actually built and commissioned would take several years. So I
think it has been frustrating in that respect. Even if we make
decisions now, it will be some years before we have any network
of different facilities in place.
132. What about other Member States; have you
had feedback from your colleagues in other Member States about
how they feel about all of this, in those quiet, private moments
you all have, when you are sitting around the coffee machine in
Brussels, or whatever?
(Mr Lee) I cannot say that personally I have ever
been to Brussels, but, yes, we do, we support DEFRA in their discussions
in Brussels. and I can only say that they feel very much in line
with the rest of Europe. But, I would have to stress, this is
perhaps a question you would care to put to the Minister; different
States have different desired outcomes for the waste acceptance
133. Let me ask you a question about the legal
status of the guidance provided by your Agency; can this guidance
provide the level of certainty that companies need in the context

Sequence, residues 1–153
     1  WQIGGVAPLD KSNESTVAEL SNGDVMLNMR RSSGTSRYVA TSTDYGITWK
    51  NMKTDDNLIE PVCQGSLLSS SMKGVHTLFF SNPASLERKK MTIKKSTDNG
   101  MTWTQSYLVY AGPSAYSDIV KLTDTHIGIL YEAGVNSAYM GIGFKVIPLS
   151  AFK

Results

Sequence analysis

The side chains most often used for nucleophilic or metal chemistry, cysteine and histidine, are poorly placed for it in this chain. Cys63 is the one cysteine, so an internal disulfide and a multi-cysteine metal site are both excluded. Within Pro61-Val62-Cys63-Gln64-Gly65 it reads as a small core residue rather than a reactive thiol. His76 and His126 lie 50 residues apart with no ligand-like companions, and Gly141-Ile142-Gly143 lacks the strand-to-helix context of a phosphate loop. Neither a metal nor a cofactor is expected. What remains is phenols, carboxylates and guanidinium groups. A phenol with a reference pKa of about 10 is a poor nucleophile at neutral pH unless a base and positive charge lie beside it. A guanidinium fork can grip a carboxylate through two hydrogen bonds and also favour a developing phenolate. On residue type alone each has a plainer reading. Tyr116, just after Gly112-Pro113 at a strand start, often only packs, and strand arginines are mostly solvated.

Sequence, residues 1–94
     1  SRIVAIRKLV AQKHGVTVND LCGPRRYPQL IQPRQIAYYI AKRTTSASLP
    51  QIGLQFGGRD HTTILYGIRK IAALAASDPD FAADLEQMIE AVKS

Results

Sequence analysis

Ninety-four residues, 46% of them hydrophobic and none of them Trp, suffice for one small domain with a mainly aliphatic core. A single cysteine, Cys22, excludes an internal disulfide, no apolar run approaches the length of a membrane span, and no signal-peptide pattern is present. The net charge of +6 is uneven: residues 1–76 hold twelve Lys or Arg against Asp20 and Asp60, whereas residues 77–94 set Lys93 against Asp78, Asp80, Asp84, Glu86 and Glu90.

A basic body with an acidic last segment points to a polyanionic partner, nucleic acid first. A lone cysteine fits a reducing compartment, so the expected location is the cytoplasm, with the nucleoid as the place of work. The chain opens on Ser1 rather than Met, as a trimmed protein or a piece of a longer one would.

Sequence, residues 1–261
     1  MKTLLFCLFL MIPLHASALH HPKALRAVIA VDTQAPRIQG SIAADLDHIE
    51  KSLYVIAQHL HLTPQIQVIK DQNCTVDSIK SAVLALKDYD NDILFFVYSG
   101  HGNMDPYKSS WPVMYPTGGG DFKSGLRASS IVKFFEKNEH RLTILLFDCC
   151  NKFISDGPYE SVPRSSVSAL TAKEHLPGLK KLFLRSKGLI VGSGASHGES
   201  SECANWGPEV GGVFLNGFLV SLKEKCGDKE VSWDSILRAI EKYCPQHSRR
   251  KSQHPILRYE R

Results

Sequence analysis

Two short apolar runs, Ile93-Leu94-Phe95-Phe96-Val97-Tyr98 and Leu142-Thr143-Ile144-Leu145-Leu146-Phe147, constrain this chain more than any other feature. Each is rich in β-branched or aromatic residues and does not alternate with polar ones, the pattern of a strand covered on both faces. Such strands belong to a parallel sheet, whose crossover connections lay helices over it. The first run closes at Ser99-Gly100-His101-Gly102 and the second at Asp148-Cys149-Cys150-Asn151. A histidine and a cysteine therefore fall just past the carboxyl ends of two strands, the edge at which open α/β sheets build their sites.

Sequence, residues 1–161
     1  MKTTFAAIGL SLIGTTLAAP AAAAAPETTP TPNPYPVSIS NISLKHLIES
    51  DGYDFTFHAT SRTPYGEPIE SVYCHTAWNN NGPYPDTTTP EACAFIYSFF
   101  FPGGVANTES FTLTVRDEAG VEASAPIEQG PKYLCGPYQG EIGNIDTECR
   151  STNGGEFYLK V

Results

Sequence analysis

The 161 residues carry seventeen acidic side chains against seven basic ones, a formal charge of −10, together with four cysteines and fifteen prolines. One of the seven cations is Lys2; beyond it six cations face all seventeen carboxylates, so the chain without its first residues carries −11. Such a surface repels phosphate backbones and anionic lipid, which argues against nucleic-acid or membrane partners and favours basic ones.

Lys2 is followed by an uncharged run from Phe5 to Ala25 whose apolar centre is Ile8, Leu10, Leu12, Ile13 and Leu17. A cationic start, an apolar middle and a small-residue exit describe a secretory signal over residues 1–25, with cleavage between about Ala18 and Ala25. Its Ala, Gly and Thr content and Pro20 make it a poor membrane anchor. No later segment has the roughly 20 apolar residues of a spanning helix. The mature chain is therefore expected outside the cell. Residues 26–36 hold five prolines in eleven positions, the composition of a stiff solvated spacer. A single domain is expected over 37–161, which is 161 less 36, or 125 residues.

of making their investments in new treatment facilities?
(Mr Lee) Yes, it is an important question. Any guidance
that the Environment Agency puts out has no other status than
Environment Agency guidance. To help give certainty both to the
regulator and to all of the industries that are involved, we would
like to see as much as possible of the guidance be given a statutory
basis. We have identified, with DEFRA, with Government, many of
the issues that we would like now to see reflected in statutory
guidance, and we are working with them to try to get that guidance
produced as quickly as possible.
134. Now in your very helpful summary to the
evidence you sent the Committee, you said: "EU legislation
relating to hazardous waste is complex. The current arrangement
of regulations and directives makes practical implementation of
the legislation unnecessarily complex. . ." this is a double
underscoring. I just wonder why it has to be so complex; why do
you think it is so darned complex?
(Mr Watkinson) There are several reasons why it is
complex, primarily because, the way that the Hazardous Waste Directive
itself has been brought together, for example, it contains quite
a large number of technical annexes to it, as well as interpreting
legislation for it, so it refers, for example, to another Directive,
in order to make its full interpretation. We then have the issue
that bringing that into UK law required that to be harmonised,